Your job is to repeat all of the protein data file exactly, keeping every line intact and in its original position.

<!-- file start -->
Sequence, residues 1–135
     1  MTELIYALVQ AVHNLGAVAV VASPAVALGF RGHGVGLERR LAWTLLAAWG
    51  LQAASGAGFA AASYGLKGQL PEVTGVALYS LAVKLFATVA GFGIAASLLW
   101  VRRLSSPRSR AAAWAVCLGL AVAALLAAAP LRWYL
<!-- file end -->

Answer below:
Sequence, residues 1–135
     1  MTELIYALVQ AVHNLGAVAV VASPAVALGF RGHGVGLERR LAWTLLAAWG
    51  LQAASGAGFA AASYGLKGQL PEVTGVALYS LAVKLFATVA GFGIAASLLW
   101  VRRLSSPRSR AAAWAVCLGL AVAALLAAAP LRWYL